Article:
As teachers and school professionals, we know this time of year for you is busy and exciting. From setting up your classrooms, to greeting students and their families, to finalizing lesson plans and working with colleagues, it can be overwhelming. We encourage you to read our “Welcoming Immigrant Students in the Classroom” article published on Edutopia which offers some streamlined tips and best practices for creating an inclusive, positive environment for these students.
We also know that you are a trusted guide for students, and in particular, some of your more recently immigrated students may share questions and concerns with you that you may feel like you need more information to address. These concerns may require extra support perhaps requiring students to seek mental health counseling and legal assistance.
One thing to remember is that all students, regardless of immigration status, are guaranteed by law a right to a free public education under the 1982 U.S. Supreme Court decision Plyer v. Doe. The U.S. Department of Education issued a fact sheet for schools on educational services for immigrant students and those recently arrived in the U.S., and together with the Department of Justice, published a joint guidance letter , fact sheet and Questions and Answers reminding school districts of their federal obligation to educate all students residing in their respective district and how to enroll them. A student’s immigration status isn’t something that teachers can or should inquire about and school staff are prohibited by federal law from taking action that may intimidate or “chill” immigrant students from attending school.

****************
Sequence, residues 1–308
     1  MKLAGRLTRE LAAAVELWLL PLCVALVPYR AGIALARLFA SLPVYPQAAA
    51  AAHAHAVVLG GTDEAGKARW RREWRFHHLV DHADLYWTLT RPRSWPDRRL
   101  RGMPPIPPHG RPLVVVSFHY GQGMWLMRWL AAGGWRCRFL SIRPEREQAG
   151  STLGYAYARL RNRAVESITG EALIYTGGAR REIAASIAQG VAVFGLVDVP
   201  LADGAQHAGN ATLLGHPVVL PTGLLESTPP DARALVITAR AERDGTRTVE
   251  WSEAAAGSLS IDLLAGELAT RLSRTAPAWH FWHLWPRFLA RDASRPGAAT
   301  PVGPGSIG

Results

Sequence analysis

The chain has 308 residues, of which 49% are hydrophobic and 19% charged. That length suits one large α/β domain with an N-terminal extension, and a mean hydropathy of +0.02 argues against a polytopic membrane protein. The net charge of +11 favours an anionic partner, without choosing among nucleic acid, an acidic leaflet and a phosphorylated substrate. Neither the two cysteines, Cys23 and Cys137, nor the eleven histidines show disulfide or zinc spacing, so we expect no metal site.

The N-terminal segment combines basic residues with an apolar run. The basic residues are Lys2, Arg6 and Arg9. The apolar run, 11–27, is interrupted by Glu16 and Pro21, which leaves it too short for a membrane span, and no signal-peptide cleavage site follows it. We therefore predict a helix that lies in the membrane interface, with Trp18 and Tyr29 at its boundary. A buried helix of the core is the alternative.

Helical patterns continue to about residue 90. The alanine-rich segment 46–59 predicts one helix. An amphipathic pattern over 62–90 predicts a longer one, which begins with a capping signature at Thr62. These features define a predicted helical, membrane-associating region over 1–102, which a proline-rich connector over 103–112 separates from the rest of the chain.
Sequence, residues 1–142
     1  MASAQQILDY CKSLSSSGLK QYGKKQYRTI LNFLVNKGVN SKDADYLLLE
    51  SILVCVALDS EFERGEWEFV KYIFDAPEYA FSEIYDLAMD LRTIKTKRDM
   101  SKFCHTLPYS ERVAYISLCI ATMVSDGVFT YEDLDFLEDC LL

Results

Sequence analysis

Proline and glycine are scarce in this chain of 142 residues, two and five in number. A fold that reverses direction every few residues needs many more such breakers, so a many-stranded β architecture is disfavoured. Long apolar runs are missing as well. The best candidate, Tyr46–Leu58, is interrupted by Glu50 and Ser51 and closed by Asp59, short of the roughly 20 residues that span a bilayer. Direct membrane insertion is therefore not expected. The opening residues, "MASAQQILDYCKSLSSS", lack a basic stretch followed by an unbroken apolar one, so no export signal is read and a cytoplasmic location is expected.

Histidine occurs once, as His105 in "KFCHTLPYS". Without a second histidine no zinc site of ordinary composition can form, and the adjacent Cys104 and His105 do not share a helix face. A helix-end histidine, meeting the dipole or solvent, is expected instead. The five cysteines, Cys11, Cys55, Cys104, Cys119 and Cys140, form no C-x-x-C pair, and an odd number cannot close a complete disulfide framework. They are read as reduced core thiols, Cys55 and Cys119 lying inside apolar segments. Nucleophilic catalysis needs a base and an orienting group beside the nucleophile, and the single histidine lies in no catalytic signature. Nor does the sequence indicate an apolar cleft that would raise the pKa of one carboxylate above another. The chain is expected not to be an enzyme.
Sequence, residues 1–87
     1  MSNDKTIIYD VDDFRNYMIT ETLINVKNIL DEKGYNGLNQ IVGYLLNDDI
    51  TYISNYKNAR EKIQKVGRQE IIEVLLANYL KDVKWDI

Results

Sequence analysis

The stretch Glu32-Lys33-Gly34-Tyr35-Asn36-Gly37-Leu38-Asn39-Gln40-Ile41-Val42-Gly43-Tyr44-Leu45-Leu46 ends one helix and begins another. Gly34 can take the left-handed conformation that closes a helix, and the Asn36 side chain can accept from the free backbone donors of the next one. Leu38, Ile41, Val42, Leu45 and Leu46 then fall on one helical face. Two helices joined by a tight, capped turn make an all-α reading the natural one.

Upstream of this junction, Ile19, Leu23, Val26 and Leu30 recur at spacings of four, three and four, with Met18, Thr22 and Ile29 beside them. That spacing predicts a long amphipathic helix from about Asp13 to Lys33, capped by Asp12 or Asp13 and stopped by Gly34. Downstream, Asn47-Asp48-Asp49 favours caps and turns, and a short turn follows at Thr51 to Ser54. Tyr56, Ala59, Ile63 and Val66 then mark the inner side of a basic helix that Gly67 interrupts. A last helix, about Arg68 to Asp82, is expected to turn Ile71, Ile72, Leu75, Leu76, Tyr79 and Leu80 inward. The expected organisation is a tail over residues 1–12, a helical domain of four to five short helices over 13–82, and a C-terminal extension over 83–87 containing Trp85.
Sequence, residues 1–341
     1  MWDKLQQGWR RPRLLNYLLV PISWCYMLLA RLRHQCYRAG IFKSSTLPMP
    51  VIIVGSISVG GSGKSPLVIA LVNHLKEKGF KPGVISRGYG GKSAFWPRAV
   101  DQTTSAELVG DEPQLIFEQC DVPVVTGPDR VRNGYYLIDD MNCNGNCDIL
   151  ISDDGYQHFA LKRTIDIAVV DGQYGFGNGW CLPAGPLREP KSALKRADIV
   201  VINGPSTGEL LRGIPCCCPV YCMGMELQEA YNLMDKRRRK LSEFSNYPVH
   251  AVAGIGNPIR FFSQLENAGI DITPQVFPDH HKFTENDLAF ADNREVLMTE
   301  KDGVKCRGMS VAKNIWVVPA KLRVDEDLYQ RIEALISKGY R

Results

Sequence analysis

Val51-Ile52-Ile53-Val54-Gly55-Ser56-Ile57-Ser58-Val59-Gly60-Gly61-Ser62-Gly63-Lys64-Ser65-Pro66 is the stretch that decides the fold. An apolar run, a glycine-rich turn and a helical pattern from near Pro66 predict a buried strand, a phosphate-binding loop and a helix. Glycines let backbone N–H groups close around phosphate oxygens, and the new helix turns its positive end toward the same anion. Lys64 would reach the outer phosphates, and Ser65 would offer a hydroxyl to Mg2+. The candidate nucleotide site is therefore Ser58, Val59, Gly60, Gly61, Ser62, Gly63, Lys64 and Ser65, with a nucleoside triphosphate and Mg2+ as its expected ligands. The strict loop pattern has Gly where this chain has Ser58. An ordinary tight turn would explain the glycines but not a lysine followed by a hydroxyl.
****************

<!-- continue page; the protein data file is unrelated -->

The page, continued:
With regard to individual legal issues of immigration that a student may choose to share with you, you can refer them to two helpful websites: www.ailalawyer.com and www.immigrationlawhelp.org to find a reputable attorney who can address their concerns. If you know a student is seeking asylum, you can also give them the number to the National Asylum Help Line at 612-746-4674 from 9AM-4PM Monday through Friday. This hotline helps asylum seekers find free legal services and immigration attorneys near them.
If you would like more information on this topic, please send us an email with the subject line “Educator Understandings” at email@example.com and we will send it to you directly.
We wish you the best as you start your school year – and please do take advantage of our free lesson plans and resources to teach about immigration critically and thoughtfully with all students!
Also, check out our latest lesson plan “Analyzing Immigrant Contributions through Data, Story, and Voice” for high school students and participate in our #diverselit tweet chat on building a diverse library tonight at 7:30pm EST. Please use the hashtag #diverselit. We at @ThnkImmigration would love to hear from you!